In this work the quantitative and qualitative ability of a kinetic-theory-based two-fluid model (KT-TFM) is assessed in a state of fully periodic sedimentation (fluidization), with a focus on statistically steady, unstable (clustered) states. The accuracy of KT-TFM predictions is evaluated via direct comparison to direct numerical simulation (DNS) data. The KT-TFM and DNS results span a rather wide parameter space: mean-flow Reynolds numbers on the order of 1 and 10, mean solid volume fractions from 0.1 to 0.4, solid-to-fluid density ratios from 10 to 1000 and elastic and moderately inelastic (restitution coefficient of 0.9) conditions. Data from both KT-TFM and DNS display a rich variety of statistically steady yet unstable structures (clusters). Instantaneous snapshots of KT-TFM and DNS demonstrate remarkable qualitative agreement. This qualitative agreement is quantified by calculating the critical density ratio at which the structure transitions from a chaotic, dynamic state to a regular, plug-flow state, with good overall comparisons. Further quantitative assessments of mean and fluctuating velocities show good agreement at high density ratios but weaker agreement at intermediate to low density ratios depending on the mean-flow Reynolds numbers and solid fractions. Deviations of the KT-TFM results from the DNS data were traced to a breakdown in one of the underlying assumptions of the kinetic theory derivation: high thermal Stokes number. Surprisingly, however, even though the low Knudsen number assumption, also associated with the kinetic theory derivation, is violated throughout most of the parameter space, it does not seem to affect the good quantitative accuracy of KT-TFM simulations.
Persistent pain is common and inadequately treated in cancer patients. Behavioral pain interventions are a recommended part of multimodal pain treatments, but they are underused in clinical care due to barriers such as a lack of the resources needed to deliver them in person and difficulties coordinating their use with clinical care. Pain coping skills training (PCST) is an evidence-based behavioral pain intervention traditionally delivered in person. Delivering this training via the web would increase access to it by addressing barriers that currently limit its use. We conducted a patient pilot study of an 8-week web-based PCST program to determine the acceptability of this approach to patients and the program features needed to meet their needs. Focus groups with healthcare providers identified strategies for coordinating the use of web-based PCST in clinical care.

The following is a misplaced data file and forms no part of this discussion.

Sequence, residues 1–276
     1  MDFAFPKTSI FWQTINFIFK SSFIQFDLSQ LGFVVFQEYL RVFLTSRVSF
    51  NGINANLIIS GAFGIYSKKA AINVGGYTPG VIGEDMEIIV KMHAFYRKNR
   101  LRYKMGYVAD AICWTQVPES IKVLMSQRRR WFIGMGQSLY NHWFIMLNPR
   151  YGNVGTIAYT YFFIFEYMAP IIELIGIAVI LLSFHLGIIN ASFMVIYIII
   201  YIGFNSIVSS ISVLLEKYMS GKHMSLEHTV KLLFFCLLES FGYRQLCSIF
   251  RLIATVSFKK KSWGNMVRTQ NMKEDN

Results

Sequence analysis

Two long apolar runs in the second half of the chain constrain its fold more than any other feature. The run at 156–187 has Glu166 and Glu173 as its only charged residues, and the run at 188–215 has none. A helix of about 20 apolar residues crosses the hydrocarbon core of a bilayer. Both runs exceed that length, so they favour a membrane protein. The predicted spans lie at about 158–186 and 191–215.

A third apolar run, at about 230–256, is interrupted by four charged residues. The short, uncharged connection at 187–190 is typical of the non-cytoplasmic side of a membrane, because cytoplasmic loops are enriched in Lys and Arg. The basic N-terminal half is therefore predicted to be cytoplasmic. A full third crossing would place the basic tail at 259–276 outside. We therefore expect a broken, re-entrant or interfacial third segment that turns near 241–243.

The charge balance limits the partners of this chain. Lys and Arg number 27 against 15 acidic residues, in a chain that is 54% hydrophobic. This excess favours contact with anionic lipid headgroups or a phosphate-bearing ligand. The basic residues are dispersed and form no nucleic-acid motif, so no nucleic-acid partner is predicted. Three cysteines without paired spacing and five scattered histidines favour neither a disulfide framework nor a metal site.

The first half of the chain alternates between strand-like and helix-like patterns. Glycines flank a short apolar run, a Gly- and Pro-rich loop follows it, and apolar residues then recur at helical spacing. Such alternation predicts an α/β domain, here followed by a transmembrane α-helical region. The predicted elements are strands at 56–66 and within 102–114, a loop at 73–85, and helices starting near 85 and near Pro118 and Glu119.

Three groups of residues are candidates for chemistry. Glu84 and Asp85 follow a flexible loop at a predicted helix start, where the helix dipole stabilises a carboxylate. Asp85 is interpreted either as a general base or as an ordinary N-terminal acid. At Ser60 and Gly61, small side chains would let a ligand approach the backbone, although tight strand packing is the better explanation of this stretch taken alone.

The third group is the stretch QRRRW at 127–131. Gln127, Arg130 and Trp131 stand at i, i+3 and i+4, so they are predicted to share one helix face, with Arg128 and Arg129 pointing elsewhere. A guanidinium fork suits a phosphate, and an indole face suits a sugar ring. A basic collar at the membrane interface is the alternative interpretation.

Participants included 7 adults with bone pain due to multiple myeloma or metastasized breast or prostate cancer and 12 healthcare providers (4 physicians and 8 advanced practice providers) who treat cancer-related bone pain. Patients completed web-based PCST at home and then took part in an in-depth qualitative interview. Providers attended focus groups led by a trained moderator. Qualitative analyses identified themes in the patient and provider data.
Patients reported strongly favorable responses to web-based PCST and described emotional and physical benefits. They offered suggestions for adapting the approach to better fit their needs and to overcome barriers to completion. Focus groups indicated a need to familiarize healthcare providers with PCST and to address concerns about overburdening patients. Providers would recommend the program to patients they felt could benefit. They suggested applying a broad definition of cancer pain and having various types of providers help coordinate program its use with clinical care.
Significance of results:
Web-based PCST was acceptable to patients and providers. Our findings suggest that patients could benefit from this approach, especially if patient and provider barriers are addressed.
Skin is the parchment upon which identity is written; class, race, ethnicity, and gender are all legible upon the human surface. Removing skin tears away identity, and leaves a blank slate upon whichlaw, punishment, sanctity, or monstrosity can be inscribed; whether as an act of penal brutality, as a comic device, or as a sign of spiritual sacrifice, it leaves a lasting impression about the qualities and nature of humanity. Flaying often functioned as an imaginative resource for medieval and early modern artists and writers, even though it seems to have been rarely practiced in reality. From images of Saint Bartholomew holding his skin in his arms, to scenes of execution in Havelok the Dane, to laws that prescribed it as a punishment for treason, this volume explores the ideaand the reality of skin removal - flaying - in the Middle Ages. It interrogates the connection between reality and imagination in depictions of literal skin removal, rather than figurative or theoretical interpretations of flaying, and offers a multilayered view of medieval and early modern perceptions of flaying and its representations in European culture. Its two parts consider practice and representation, capturing the evolution of flaying as both an idea and a practice in the premodern world.
Larissa Tracy is Associate Professor, Longwood University.
Contributors: Frederika Bain, Peter Dent, Kelly DeVries, Valerie Gramling, Perry Neil Harrison, Jack Hartnell, Emily Leverett, Michael Livingston, Sherry C.M. Lindquist, Asa Mittman, Mary Rambaran-Olm, William Sayers, Christina Sciacca, Susan Small, Larissa Tracy, Renée Ward